In Section 6  (5) of the Federal Equal Opportunities for People with Disabilities Act, it is stated that a facility is barrier-free "if it is accessible and usable for people with disabilities in the generally customary manner, without any particular difficulty and generally without outside help." Basic accessibility requirements formulated in the guidelines for barrier-free web content WCAG 2.0 of the Web Accessibility Initiative (WAI) of the World Wide Web Consortium (W3C).

With the E-Government Act of 2004 (implementation deadline January 2008), official websites that offer information or electronically support procedures were obliged to design them in such a way "that international standards on web accessibility also with regard to barrier-free access for disabled people be respected." (Section 1, Paragraph 3). WCAG 2.0 was also the international standard for this . The web presence of the administration and its electronic implementation ( e-government ) should also be mentioned: the General Administrative Procedure Act, the Delivery Act and the Signature and Trust Services Act.

In 2019 the Web Accessibility Act was published as a national law to implement Directive (EU) 2016/2012 on barrier-free access to the websites and mobile applications of public bodies . The requirements for accessibility for ICT products and services are specified together with a description of the test procedures and assessment methods for each accessibility requirement in the European standard EN 301 549 V2.1.2 (2018-08) , which means that all success criteria of conformity levels A and AA of the guidelines for accessible web content - WCAG 2.1 - must be observed. The exceptions formulated in national law or the EU directive are temporarily excluded.


Legal framework

In Switzerland, the accessibility of the state's internet offerings for people with disabilities is regulated in the federal constitution and the regulation of the accessibility of websites is specified in law and regulation.

  • The Disability Equality Act (BehiG) came into force on January 1, 2004. It aims to help people with disabilities as far as possible to a life that is comparable to that of non-disabled people.
  • In Article 10 of the Disability Equal Opportunities Ordinance (BehiV) , which came into force at the same time, it is described in detail that the information as well as the communication and transaction services must be accessible via the Internet for people with speech, hearing, visual and motor disabilities.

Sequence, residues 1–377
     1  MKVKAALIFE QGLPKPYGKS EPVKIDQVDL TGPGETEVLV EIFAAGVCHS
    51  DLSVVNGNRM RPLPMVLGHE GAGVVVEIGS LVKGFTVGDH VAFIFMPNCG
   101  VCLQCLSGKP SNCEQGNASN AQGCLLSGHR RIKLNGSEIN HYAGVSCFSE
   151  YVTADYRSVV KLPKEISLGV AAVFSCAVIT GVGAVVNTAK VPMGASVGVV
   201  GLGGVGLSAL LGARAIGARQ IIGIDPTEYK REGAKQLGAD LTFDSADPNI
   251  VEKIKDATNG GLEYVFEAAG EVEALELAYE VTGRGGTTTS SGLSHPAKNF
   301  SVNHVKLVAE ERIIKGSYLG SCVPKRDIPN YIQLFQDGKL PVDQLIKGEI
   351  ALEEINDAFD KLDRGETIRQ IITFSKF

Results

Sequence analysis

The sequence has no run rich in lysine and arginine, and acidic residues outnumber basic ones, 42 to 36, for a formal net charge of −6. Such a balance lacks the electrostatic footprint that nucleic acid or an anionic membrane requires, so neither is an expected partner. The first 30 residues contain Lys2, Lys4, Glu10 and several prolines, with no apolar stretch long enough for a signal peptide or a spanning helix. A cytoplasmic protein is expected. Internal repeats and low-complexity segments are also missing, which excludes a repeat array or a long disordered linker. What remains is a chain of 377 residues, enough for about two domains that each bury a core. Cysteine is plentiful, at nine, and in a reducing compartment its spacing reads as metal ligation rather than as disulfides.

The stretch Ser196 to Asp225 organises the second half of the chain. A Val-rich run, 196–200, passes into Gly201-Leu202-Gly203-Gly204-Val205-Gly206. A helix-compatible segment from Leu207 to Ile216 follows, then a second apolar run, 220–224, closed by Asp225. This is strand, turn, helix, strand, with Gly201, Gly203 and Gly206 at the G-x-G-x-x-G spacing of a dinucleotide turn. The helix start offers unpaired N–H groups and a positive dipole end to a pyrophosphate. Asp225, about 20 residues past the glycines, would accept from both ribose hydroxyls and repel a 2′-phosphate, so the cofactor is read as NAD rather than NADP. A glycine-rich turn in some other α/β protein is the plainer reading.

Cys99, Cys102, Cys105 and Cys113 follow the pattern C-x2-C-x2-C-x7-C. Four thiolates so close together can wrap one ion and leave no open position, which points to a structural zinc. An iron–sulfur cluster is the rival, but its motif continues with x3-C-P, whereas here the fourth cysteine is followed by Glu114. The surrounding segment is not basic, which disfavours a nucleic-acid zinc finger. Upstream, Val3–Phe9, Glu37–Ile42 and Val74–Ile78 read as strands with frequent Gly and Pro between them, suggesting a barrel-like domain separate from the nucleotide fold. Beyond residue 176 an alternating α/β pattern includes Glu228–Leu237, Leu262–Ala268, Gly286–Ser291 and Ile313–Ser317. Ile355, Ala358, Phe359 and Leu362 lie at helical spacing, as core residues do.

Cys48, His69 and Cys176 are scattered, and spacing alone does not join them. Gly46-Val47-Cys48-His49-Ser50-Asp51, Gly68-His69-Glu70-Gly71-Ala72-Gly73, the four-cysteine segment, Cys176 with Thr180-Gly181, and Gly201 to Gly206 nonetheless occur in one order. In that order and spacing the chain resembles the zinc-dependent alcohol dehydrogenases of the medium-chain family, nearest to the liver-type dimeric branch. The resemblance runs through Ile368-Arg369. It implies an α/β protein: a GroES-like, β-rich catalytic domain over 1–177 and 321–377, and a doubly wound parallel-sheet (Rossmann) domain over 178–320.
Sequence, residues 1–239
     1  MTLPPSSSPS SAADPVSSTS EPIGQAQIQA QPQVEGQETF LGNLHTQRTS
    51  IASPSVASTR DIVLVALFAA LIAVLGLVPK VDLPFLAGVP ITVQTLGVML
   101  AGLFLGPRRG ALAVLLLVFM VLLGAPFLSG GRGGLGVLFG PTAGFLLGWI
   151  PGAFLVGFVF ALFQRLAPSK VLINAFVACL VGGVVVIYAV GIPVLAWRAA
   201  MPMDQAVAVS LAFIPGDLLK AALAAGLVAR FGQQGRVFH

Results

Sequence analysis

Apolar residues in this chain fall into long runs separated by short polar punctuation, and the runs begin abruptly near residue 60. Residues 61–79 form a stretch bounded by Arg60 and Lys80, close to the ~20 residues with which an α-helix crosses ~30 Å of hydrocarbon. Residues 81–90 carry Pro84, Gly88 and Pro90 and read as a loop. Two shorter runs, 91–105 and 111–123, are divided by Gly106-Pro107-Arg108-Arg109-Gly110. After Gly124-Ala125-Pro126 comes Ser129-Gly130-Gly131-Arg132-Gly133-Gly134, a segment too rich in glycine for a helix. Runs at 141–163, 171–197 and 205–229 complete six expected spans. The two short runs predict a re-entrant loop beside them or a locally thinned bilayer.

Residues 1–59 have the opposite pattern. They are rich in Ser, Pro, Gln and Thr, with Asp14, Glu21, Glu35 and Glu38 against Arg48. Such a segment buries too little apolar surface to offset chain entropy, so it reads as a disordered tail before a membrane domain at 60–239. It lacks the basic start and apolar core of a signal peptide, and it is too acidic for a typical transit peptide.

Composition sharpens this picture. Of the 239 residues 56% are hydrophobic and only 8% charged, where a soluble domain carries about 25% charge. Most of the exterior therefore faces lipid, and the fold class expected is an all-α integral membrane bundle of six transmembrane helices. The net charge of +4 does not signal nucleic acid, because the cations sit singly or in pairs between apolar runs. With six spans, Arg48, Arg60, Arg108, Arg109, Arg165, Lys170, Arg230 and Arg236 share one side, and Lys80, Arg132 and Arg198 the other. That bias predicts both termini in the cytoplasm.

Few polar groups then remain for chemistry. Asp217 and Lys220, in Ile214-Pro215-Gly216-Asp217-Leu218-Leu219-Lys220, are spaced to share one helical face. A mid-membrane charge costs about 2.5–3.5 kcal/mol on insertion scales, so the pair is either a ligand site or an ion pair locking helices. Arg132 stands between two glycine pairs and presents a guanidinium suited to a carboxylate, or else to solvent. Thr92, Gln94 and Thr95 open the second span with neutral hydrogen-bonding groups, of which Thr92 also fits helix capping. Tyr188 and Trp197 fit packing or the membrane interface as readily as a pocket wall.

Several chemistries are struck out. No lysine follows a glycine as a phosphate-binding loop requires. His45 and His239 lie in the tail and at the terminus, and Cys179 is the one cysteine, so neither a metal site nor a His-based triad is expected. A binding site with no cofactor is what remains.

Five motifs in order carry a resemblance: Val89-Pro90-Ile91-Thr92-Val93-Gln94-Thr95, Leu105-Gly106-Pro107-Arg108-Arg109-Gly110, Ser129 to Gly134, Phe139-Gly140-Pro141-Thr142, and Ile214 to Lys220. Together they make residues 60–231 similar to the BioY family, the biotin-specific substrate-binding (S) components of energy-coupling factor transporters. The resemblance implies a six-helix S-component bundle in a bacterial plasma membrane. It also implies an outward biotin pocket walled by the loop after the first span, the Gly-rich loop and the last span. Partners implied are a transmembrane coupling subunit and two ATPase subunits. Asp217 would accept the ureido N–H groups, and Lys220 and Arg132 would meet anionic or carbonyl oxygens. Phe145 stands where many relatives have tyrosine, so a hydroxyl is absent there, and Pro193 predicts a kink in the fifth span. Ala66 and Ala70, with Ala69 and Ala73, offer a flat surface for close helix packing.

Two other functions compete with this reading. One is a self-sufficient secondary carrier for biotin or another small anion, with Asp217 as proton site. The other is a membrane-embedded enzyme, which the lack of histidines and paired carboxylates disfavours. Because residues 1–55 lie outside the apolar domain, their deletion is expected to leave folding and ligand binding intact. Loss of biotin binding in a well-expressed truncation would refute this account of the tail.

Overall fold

Specifically, the law means: Internet offers of the state ( federal government , cantons , municipalities , federal-related companies) must be accessible to disabled people without any aggravating conditions. Internet offers from private individuals are not obliged to make them suitable for the disabled, but they must not discriminate against any population group.

When the law and the ordinance came into force in 2004, the Federal Bureau for Equal Opportunities for People with Disabilities (EBGB) was created. Its task is to promote the equality of disabled and non-disabled people, as well as to work for the elimination of legal or actual disadvantages.

Guidelines and implementation

The federal guidelines for the design of barrier-free internet offers (P028) are based on the W3C standard WCAG 2.0, these internationally applicable guidelines were adopted unchanged. Compliance with all checkpoints of conformity level AA must be guaranteed. P028 also explicitly requires the accessibility of all presented PDF documents. PDF documents must be readable for people with disabilities or their content must be available in another, equivalent form, for example as a text document. As soon as the WAI puts a newer form of the WCAG into effect, the interdisciplinary committee must meet within three months and decide whether and how the standard P028 should be updated.